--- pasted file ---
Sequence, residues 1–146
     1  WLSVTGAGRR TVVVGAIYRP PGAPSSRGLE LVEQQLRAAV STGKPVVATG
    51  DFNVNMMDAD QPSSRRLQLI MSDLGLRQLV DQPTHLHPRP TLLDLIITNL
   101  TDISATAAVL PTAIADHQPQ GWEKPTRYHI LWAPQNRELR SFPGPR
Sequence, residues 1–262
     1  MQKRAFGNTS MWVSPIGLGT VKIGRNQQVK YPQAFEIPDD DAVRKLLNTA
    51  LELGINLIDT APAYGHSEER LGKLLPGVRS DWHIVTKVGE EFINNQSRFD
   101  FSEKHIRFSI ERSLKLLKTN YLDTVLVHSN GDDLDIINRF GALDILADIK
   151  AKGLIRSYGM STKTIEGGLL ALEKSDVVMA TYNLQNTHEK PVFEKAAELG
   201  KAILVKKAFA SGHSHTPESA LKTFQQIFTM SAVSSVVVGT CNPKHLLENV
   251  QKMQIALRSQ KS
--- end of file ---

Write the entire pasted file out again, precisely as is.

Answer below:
Sequence, residues 1–146
     1  WLSVTGAGRR TVVVGAIYRP PGAPSSRGLE LVEQQLRAAV STGKPVVATG
    51  DFNVNMMDAD QPSSRRLQLI MSDLGLRQLV DQPTHLHPRP TLLDLIITNL
   101  TDISATAAVL PTAIADHQPQ GWEKPTRYHI LWAPQNRELR SFPGPR
Sequence, residues 1–262
     1  MQKRAFGNTS MWVSPIGLGT VKIGRNQQVK YPQAFEIPDD DAVRKLLNTA
    51  LELGINLIDT APAYGHSEER LGKLLPGVRS DWHIVTKVGE EFINNQSRFD
   101  FSEKHIRFSI ERSLKLLKTN YLDTVLVHSN GDDLDIINRF GALDILADIK
   151  AKGLIRSYGM STKTIEGGLL ALEKSDVVMA TYNLQNTHEK PVFEKAAELG
   201  KAILVKKAFA SGHSHTPESA LKTFQQIFTM SAVSSVVVGT CNPKHLLENV
   251  QKMQIALRSQ KS